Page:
We will live hundreds of years
Oblivion, Chapter 5
Quick recap: Elysia awoke on a beautiful island with no recollection of her past and a painting of the Birth of Venus held beneath her arm. Now she’s about to meet the scientist…composed a beautiful musical score for this chapter. I hope you enjoy this meditation as you read.
In the afternoon, we pulled our canoe onto the sands of a nearby isle to face a forest of bamboo.
Taka led me to a path, a ribbon of white sand that wandered between the trees, just as a gentle rain began to patter against the leaves. No drop touched us—we only heard them twinkling about the canopy far above. Then the birds began to chirp and their voices echoed against the trees like singing bowls.
Soon we came upon a ruin, an ancient monastery now sleeping beneath a blanket of bamboo. Purple trees grew through open rooftops, flowers grew up walls, and vines curled through open windows. A forgotten staircase climbed into the trees and a sunken pool lazed against its feet. For a moment I wondered whether there wasn’t a tiger swimming in the pool.
“Wow,” I whispered.
I became so entranced by the monastery I almost didn’t see what we were climbing toward until it was right before us. Carved into the cliff top was a newer monastery built into the old one. Inside, open windows poured light across the paneled floor and I could see the whole world sprawled out before us—an unfathomable ocean washed by the sun now setting behind it.
Transposed against the view, a young woman was making tea. She wore a blue silk kimono and had pretty pink cheeks, her soft black bob curling around her face in a frame of happiness. She almost leapt when she saw us.
“Taka!” she said joyfully, “And you must be Elysia,”
“Elysia, meet my sister Sanyu,” Taka said with a bow.
We ate dinner on the floor, reclining upon cushions as the warm air comforted us. We drank warm sake as we meandered through conversation—the details of their lives revealed as we spoke, subtle hints at who they both were drifting to the surface. I knew they hoped I would reveal something of my own life, but I had no past to contribute, only that moment to breathe in.
“Wao studies the land, I study the sea,” Sanyu was saying. “The kelp forests supply a good deal of our world’s oxygen needs, not to mention provide a renewable food and fuel source. And we have learned so much from the animals that live among the kelp.”
“She’s being modest,” her brother countered, “Sanyu and Wao are the keepers of thousands of years of plant knowledge. Their research into the immortality of jellyfish and coral has extended the human lifespan into the thousands of years and beyond and their genetic modification of plants has established an infinite pharmacopeia of medicines.”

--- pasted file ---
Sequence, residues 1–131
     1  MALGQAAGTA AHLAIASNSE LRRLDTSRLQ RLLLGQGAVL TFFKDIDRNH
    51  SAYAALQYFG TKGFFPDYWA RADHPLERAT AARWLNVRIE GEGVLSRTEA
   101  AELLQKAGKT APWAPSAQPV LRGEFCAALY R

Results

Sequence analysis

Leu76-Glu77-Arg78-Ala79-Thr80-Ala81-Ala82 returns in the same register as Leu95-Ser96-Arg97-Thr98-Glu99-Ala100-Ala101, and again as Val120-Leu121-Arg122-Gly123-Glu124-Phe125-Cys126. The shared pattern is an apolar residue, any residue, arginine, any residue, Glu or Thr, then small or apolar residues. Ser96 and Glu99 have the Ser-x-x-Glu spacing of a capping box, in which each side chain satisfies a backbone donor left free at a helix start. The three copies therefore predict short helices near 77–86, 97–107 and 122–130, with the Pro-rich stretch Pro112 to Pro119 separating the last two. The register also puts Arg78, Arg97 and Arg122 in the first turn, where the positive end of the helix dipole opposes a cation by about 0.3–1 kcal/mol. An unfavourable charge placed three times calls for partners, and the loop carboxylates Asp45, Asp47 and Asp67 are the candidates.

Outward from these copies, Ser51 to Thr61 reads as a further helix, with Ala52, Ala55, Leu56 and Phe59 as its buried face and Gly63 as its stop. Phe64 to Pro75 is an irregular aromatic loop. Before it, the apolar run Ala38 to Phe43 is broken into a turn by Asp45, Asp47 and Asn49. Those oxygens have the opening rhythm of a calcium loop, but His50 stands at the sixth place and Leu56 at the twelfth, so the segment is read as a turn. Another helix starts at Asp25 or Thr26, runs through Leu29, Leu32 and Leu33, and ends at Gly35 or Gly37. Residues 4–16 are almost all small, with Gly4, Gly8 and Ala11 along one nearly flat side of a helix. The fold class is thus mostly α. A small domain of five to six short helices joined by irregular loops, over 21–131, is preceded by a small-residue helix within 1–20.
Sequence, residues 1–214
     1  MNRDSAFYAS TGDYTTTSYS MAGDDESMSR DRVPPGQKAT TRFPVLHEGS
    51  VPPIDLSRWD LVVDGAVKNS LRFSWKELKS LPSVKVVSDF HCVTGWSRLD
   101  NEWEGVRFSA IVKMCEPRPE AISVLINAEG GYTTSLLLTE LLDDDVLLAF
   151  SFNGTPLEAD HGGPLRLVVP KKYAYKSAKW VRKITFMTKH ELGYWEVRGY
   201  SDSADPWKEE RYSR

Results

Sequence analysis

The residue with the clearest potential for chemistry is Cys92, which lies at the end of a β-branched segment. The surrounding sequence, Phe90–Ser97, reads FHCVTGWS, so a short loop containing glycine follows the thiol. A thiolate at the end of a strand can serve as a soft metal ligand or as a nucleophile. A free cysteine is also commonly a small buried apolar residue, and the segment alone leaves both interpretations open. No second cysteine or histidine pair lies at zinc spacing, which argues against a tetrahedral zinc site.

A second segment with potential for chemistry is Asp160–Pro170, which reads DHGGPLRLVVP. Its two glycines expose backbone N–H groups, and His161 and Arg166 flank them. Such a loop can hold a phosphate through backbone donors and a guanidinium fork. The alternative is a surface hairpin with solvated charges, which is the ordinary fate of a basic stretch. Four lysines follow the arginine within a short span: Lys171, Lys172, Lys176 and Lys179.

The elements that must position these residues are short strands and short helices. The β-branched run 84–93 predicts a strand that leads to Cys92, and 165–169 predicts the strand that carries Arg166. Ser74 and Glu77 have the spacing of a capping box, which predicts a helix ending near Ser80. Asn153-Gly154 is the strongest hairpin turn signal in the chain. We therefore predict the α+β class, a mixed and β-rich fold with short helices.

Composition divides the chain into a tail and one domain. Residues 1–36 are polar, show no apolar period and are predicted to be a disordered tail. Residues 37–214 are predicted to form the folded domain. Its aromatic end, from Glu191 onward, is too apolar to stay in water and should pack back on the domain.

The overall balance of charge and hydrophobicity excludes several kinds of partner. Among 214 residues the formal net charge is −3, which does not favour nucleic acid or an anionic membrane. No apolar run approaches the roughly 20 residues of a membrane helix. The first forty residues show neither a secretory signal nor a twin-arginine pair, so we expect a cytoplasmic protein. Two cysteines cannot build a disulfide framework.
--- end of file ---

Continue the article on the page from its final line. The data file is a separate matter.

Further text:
“We only continue the research of our ancestors,” she said. “Though it is incredible what we have learned about living things, and how they can be modified to miraculous effect. Thanks to thousands of years of knowledge we now live in a world where no illness remains. And yet, my brother would rather preoccupy himself with the past and the cities that lie beneath the sea.”
“Yes, what was that place?” I asked.
“It was a temple before it was destroyed,” he answered. “It’s strange to me that humans once revered such things. And yet, I suppose it’s strange that we exist at all. One day we will be swallowed up by the sky, another planet with no proof that there once existed upon it something as sparkling and strange as life—and life with the understanding that we have life. How very strange it all is indeed.”
“My brother the philosopher,” Sanyu said with a smile. “Taka finds it odd that I would concern myself with perfecting humanity, when humanity nearly ruined itself once before, and will one day cease to exist by the sheer will of nature. But we still have so much life to live until then. We still have so many years to enjoy!”
“And yet,” he smiled, “one day we’ll be nothing more than a speck of dust in the universe.”
At night, the moon crept above us and we tiptoed down the stairs to the pool. Stripping off our kimonos we bathed in the warm waters, soaking up the moonlight as we looked out into the dense jungle before us. The stars seemed to settle amidst the bamboo with an otherworldly glow and my soul settled with the feeling that life was never quite as good as this before.
“Was that a tiger here earlier?” I asked.
“Yes,” they both answered.
“It’s so beautiful.”
“We’re lucky, really, that the waters drew in,” Taka said with a sigh. “For they gave the earth a chance to heal.”
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